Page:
YOUTH VOICE JOURNAL (YVJ) | (c) IARS Publications | ISSN: 2056-2969

Youth Voice Journal (YVJ) is an international, multidisciplinary, peer-reviewed journal that publishes theoretical contributions and empirical studies on international issues affecting young people. YVJ is published by IARS Publications, a member of COPE. YVJ is ranked and indexed by Scopus, ORCID, Kudos, Criminal Justice Abstracts, EBSCO Information Services and The European Reference Index for the Humanities and the Social Sciences (ERIH PLUS).

Toula Gordillo (2016) “To Build a Bridge: Myth and Legend to Reframe Mental Health in Young Adult Readers”

Carl Jung’s (1947) ‘collective unconscious’ and Joseph Campbell’s (1963) ‘mythographic discoveries’ examined the role of myth in our everyday lives.  Additionally, Dr. Viktor Frankl (1984) identified that the ability to make meaning out of suffering can assist a person, including young adults, with mental health concerns.  In this discussion paper it is argued that myth-based fantasy stories that describe the legendary ‘hero’s quest’ can play an important role in helping a young person to comprehend mental health suffering.  Through the literary trope of Young Adult (YA) fantasy fiction, mythical fantasy stories can aid in understanding during a process of inner reflection and cognitive reframing. As part of an emerging methodology entitled Story Image Therapy (SIT)®, narratives such as the katabatic tale of the hero’s sojourn journey (to the ‘underworld’ and return) provide a viable method for a young person to make meaning out of mental health distress.  The proposed method can also be used to deliver mental health information and strategies in a way that is fun, ever-expanding and open to individual, cultural and other interpretations.  Evidence to support the YA fiction method includes archetypal literary criticism and bibliotherapy models, as well as the youth’s ‘literary voices’ revealed through the popular mythical YA fantasy fictions:  Tolkien’s (1954-1955) The Lord of the Rings trilogy, Lewis’ (1950-1956) Narnia Chronicles, Rowling’s Harry Potter series (1997-2007) and Pullman’s (1995-2000) His Dark Materials trilogy.

Keywords: Youth Mental Health, Young Adult Fiction, Mythology, Bibliotherapy, Archetypal Literary Criticism, Positive Psychology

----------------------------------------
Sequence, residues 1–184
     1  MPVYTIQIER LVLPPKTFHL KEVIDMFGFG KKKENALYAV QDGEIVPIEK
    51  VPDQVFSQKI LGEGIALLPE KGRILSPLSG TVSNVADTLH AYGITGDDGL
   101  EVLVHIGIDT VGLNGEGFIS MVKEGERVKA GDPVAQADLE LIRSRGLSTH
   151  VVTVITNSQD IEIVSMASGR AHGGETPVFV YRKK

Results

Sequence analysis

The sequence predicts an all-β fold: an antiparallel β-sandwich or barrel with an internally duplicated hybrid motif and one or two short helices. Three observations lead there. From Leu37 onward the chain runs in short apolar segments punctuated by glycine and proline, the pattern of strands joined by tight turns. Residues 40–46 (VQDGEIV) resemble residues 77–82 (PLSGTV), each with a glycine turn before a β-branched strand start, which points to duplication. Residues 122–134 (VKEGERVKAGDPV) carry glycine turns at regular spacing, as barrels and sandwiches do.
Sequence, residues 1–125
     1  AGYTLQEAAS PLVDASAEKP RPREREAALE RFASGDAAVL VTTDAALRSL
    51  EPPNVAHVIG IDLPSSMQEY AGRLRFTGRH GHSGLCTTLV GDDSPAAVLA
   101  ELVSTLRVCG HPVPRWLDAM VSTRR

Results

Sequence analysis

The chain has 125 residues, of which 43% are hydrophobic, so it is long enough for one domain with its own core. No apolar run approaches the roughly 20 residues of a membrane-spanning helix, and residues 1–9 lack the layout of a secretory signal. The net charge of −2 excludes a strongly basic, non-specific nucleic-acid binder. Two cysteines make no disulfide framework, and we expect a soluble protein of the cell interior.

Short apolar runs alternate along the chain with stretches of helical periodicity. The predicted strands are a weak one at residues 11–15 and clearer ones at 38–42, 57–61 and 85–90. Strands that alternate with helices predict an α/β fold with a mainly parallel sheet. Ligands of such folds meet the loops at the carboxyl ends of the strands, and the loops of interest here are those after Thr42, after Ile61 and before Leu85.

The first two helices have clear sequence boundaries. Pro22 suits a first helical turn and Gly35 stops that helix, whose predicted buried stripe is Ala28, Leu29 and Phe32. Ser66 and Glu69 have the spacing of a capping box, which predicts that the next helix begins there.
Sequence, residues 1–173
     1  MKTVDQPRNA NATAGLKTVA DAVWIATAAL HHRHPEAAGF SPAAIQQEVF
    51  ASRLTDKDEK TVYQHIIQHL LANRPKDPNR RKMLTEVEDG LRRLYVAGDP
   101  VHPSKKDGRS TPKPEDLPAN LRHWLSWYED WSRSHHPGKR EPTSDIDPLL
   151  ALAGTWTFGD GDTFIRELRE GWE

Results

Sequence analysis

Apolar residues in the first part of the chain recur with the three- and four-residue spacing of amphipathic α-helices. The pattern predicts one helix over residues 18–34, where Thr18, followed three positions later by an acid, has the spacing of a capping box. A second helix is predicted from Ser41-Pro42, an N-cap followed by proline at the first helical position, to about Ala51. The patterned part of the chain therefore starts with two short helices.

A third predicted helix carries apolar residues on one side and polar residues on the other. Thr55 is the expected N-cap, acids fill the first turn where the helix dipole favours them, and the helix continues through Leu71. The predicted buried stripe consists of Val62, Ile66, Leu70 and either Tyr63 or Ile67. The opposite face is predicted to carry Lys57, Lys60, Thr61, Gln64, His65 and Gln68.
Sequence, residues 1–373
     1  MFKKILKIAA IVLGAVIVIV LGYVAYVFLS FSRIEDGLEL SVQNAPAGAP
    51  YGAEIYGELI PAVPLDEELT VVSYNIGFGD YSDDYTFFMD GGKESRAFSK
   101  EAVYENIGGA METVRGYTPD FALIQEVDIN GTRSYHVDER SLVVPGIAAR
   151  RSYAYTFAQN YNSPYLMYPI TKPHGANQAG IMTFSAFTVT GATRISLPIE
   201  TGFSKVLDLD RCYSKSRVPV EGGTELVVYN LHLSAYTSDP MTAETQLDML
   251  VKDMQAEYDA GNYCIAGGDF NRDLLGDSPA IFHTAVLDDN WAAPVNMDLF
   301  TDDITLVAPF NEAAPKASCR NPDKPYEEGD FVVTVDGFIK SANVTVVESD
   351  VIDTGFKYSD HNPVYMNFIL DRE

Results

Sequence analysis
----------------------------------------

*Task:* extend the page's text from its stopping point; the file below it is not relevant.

Feature image taken by Flickr under Creative Commons Licence – the original can be accessed here.

To read the article in full please follow the link or see below.

View this document on Scribd

 

About Youth Voice Journal

Youth Voice Journal is an international, multidisciplinary, refereed journal that publishes theoretical contributions and empirical studies on international issues affecting young people. In particular, the Journal aims to: - provide a medium, especially for young researchers and young academics, to inform debates around social policy through high quality research; - provide a platform for the intellectual exchange of ideas around the globe with the aim of influencing policies and practices; - actively encourage and aide those young people whose voice is rarely heard by policy makers to contribute to the journal. Youth Voice Journal is published by IARS Publications and edited by Dr. Theo Gavrielides.

One comment on “Toula Gordillo (2016) “To Build a Bridge: Myth and Legend to Reframe Mental Health in Young Adult Readers”

  1. Pingback: How to Talk to Teens and pre-Teens About Bullying Using Stories and Images

Leave a Reply

Information

This entry was posted on August 18, 2016 by in Uncategorized.

Search for articles

IARS Publications is a not for profit independent, small publisher that was founded by Dr. Theo Gavrielides. It specialises in social sciences and research studies, has a  restorative justice series and it is also the publisher of the peer reviewed Youth Voice Journal.  

Visitors:

  • 31,694 Up to date

Tweeter: #YVJ | Youth Voice Journal is published by IARS Publications, an independent small publisher specialising in social and political sciences. | 14 Dock Offices, Surrey Quays Road, London SE16 7PL, UK.

%d bloggers like this: